Are Businesses Getting the Most Out of the Cloud?

There’s no doubt that cloud technology has changed the way organizations do business. However, a question remains as to whether those with complex multi-cloud infrastructures are actually getting the most out of their investment. Simply having cloud infrastructure in place is no longer a guarantee you’ll enjoy all of the tangible benefits the cloud can bring.

Given the cloud’s constantly evolving landscape, enterprises are faced with a dual challenge.

First, they need to manage an array of complex IT infrastructure, which may use multiple cloud services to ”keep the lights on” when it comes to daily operations. It’s estimated that organizations now run on an average of at least eight different cloud platforms, according to RightScale’s State of the Cloud report — each with different standards and demanding corresponding skill sets from the in-house IT department.

However, as global markets become increasingly competitive, the other challenge is a constant need to stay up-to-date with the very latest developments and innovations cloud technology can facilitate. Given the fact that platforms such as AWS, Microsoft Azure and Google Cloud Platform all produce a constant stream of new features and updates, it’s little wonder that it’s a nearly impossible task for organizations to stay on the cutting edge of the technology.

Given the dual nature of this challenge, there’s a clear opportunity cost when a business chooses to operate or innovate. If the main focus of in-house cloud experts is to merely manage their organization’s cloud infrastructure, the ability to continuously innovate processes and functions will inevitably become limited.

Successful cloud: a question of expertise?

Having the right expertise in place is essential if organizations are going to navigate their way to managing and operating a successful cloud infrastructure. An IT workforce with the right cloud experience and know-how can have truly transformative impacts, particularly when it comes to ensuring they remain relevant and are at the peak of their skillset in the long term.

Conversely, a company that has a misalignment of cloud skills, risks missing out on the simplicity, agility and tangible benefits this technology brings to an organization. An IT workforce that struggles to keep up with changes in the cloud will, over time, become obsolete as competitors in the market launch products and services into the market more quickly, reduce their costs and respond better to changing market conditions.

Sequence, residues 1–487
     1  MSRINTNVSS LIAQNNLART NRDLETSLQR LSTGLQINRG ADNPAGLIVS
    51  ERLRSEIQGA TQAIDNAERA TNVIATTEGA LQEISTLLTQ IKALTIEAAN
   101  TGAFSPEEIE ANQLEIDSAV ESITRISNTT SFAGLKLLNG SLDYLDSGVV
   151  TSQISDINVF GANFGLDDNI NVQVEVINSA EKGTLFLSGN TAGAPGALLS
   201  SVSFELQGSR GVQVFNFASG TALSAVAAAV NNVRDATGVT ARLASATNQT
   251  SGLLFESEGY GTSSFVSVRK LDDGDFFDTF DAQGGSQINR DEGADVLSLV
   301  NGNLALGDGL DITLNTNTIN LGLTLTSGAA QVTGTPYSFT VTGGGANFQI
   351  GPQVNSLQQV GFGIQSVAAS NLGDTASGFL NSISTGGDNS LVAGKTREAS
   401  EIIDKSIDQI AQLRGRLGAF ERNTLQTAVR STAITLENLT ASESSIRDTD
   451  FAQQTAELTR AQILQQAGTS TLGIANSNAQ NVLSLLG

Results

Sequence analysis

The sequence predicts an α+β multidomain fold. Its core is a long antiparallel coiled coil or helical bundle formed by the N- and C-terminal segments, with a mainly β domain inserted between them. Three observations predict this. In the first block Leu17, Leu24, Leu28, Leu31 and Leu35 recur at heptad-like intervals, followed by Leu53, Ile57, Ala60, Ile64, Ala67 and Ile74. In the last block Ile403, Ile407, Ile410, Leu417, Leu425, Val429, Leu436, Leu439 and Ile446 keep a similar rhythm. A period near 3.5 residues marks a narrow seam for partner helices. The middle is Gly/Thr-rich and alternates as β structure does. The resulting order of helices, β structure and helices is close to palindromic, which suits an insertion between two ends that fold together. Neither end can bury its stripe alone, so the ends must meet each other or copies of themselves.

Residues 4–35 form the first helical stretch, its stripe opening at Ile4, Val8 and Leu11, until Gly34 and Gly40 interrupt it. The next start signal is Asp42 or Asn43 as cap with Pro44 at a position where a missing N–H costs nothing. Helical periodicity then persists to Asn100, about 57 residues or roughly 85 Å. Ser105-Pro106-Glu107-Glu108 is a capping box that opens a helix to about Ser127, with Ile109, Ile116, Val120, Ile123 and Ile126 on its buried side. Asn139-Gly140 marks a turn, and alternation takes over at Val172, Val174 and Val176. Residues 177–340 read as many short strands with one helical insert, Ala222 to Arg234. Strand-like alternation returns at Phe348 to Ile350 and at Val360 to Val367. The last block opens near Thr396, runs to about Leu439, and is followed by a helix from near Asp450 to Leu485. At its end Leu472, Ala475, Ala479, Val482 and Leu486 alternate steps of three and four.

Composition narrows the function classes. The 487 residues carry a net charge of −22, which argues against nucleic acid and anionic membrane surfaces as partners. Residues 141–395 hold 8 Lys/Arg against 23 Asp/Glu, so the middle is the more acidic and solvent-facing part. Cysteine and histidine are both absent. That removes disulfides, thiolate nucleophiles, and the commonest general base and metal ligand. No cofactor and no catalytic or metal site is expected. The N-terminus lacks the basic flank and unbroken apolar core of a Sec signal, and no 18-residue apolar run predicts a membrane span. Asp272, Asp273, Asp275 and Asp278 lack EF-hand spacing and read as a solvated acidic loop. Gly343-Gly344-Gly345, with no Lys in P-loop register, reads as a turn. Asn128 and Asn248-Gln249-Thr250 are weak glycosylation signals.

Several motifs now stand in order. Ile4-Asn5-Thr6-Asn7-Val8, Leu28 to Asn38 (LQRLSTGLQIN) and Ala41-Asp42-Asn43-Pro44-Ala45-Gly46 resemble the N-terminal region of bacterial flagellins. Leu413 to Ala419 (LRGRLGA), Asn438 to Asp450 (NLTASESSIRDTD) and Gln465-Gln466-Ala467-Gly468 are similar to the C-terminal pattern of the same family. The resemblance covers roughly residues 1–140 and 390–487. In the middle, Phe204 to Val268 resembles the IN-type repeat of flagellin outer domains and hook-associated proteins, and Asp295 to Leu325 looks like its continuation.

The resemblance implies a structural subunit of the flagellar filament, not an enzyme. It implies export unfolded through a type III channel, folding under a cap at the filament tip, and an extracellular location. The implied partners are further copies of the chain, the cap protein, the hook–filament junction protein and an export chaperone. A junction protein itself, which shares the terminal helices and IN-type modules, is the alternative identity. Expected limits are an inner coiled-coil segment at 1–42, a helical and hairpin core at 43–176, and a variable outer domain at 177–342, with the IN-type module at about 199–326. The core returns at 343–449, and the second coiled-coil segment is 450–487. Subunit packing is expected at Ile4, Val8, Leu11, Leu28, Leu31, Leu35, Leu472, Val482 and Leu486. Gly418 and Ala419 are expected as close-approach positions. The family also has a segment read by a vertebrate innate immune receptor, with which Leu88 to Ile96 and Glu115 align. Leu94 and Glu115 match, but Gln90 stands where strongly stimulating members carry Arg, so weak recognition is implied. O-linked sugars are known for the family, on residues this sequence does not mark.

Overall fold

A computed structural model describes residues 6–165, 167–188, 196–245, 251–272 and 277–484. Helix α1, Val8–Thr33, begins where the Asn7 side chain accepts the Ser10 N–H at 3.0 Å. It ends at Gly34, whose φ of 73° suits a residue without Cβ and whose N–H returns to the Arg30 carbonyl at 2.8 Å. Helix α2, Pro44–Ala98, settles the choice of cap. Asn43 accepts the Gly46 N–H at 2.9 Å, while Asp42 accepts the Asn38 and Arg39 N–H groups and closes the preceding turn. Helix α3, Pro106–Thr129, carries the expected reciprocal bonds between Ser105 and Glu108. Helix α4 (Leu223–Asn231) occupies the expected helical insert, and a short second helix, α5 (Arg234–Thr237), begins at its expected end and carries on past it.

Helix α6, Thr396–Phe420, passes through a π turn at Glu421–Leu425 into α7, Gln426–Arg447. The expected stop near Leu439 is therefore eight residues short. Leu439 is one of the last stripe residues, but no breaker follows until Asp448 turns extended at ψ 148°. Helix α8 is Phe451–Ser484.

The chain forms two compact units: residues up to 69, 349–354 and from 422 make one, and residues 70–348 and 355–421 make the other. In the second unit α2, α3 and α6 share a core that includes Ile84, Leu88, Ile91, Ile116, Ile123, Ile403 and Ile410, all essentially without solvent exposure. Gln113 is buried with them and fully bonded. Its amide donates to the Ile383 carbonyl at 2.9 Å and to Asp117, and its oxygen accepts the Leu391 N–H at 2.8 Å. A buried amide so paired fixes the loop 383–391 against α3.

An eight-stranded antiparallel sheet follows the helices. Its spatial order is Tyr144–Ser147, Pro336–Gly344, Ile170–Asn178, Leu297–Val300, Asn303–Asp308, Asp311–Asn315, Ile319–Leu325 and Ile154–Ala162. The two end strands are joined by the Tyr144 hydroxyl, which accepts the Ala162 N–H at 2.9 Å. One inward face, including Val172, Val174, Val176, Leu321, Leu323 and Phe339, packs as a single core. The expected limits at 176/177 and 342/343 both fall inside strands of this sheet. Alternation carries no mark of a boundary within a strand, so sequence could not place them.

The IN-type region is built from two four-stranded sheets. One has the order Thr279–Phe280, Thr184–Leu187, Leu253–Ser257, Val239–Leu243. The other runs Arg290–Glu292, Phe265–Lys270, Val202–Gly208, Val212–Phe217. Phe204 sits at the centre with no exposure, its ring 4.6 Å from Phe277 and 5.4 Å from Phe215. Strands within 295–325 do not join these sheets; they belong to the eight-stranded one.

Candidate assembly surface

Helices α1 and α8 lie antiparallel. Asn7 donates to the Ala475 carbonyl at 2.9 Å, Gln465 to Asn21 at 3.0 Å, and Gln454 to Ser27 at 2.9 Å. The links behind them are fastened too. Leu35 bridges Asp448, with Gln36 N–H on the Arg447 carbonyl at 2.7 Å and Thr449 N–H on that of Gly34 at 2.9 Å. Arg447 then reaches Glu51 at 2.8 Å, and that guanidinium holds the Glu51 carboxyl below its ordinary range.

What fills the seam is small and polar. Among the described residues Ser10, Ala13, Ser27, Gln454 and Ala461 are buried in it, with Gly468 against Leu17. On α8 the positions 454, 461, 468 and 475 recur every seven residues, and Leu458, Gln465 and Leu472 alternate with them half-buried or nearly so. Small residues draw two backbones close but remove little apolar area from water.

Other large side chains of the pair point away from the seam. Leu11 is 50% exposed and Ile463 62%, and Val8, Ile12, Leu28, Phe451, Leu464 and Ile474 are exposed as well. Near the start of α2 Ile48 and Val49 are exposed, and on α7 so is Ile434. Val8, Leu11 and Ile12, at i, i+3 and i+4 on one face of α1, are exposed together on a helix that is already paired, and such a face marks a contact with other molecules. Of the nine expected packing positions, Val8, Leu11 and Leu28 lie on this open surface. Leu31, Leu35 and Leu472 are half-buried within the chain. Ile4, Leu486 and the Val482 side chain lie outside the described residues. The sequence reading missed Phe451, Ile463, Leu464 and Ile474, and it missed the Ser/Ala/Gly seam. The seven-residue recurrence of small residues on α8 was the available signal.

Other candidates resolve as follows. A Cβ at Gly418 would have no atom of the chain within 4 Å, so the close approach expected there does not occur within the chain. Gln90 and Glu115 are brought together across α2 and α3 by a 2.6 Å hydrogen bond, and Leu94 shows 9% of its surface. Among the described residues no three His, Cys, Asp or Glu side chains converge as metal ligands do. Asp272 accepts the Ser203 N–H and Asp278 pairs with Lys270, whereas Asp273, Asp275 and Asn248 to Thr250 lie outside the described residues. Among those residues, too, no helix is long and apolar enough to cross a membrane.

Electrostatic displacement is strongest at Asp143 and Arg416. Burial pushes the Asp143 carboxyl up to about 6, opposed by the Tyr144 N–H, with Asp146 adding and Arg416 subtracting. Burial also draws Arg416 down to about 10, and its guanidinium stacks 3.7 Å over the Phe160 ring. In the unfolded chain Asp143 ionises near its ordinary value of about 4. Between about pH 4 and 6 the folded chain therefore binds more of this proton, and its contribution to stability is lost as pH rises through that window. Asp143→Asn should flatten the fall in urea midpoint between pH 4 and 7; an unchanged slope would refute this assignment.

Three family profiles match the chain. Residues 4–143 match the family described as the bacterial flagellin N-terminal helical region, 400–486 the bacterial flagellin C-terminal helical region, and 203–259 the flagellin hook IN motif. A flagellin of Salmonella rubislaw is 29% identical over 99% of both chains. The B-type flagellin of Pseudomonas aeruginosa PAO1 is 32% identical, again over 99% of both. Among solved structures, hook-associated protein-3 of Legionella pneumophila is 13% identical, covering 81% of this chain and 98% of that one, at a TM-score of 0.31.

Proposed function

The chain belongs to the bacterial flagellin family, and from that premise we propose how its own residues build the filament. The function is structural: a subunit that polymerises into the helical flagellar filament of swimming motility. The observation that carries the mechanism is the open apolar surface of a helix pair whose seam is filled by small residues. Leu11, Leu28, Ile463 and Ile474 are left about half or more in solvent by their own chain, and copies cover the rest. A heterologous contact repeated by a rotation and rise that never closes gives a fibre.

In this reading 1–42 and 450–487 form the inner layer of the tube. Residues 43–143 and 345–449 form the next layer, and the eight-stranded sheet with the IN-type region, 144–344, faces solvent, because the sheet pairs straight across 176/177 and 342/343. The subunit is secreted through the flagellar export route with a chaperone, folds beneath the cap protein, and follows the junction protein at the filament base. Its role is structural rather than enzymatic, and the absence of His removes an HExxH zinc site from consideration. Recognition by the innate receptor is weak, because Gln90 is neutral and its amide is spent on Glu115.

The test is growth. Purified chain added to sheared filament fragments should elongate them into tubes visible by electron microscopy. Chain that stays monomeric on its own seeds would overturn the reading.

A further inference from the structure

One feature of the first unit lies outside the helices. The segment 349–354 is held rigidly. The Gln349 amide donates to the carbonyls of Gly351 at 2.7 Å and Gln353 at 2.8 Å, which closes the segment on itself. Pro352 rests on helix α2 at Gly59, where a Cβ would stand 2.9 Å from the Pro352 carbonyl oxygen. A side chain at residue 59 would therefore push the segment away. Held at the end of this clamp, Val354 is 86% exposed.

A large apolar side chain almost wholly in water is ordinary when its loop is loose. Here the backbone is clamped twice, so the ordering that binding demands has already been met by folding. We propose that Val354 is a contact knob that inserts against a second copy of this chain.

This problem isn’t going to go away either. With more companies now looking to create their own digital products and services, the effective use of cloud technology has moved from just being an operational concern to one which is of strategic importance. What’s more, as IT security becomes an increasing pressure on businesses and a host of new technologies emerge — including the likes of AI and blockchain — cloud expertise is going to become imperative for forward-looking organizations. In fact, it could be a matter of life or death in the long term.

What options are available for solving the cloud skills gap?

There are two main options open when it comes to the cloud expertise challenge.

First, the development of an in-house IT department might be one which larger organizations want to invest time and money into. Being able to address the specific needs of your business is certainly a big advantage with this approach — as is having experts who know exactly what will work and what won’t when it comes to cloud needs.

However, some organizations may also decide to use a managed cloud provider. The overriding advantage a third-party cloud specialist brings is that it can do the job of “keeping the lights on” for all aspects of a company’s cloud operations — security included. As a result, enterprises can free up the time of their internal IT workforce so they can use that time more effectively for innovation and efficiency driving projects — adding real value to the business.

What’s more, cloud service providers can draw on a team which has the most cutting-edge expertise when it comes to supporting organizations and helping them get the most out of the cloud services they use.

Are you sure your business is getting the most out of the cloud? Check out this video to find out more, and visit Rackspace to learn more about the ways we’re helping businesses succeed with the cloud.

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John Engates joined Rackspace in August 2000, just a year after the company was founded, as Vice President of Operations, managing the datacenter operations and customer-service teams. Two years later, when Rackspace decided to add new services for larger enterprise customers, John created and helped develop the Intensive Hosting business unit.

Most recently, John has played an active role in the evolution and evangelism of Rackspace’s cloud-computing strategy and cloud products. John meets frequently with customers to hear about their needs and concerns, and to discuss Rackspace’s vision for the future of cloud computing. John currently serves as the company’s Chief Evangelist.

John is also an internationally recognized cloud computing expert and a sought-after speaker at technology conferences, including CA World, the Goldman Sachs Techtonics Conference and Cloud Expo. He speaks on the future of cloud computing, enterprise cloud adoption, data center efficiency, green data center best practices, and more.

Prior to joining Rackspace, John was a founder and General Manager at Internet Direct, one of the original Internet service providers in Texas.

John is a graduate of the University of Texas at San Antonio and holds a B.B.A. in Accounting.

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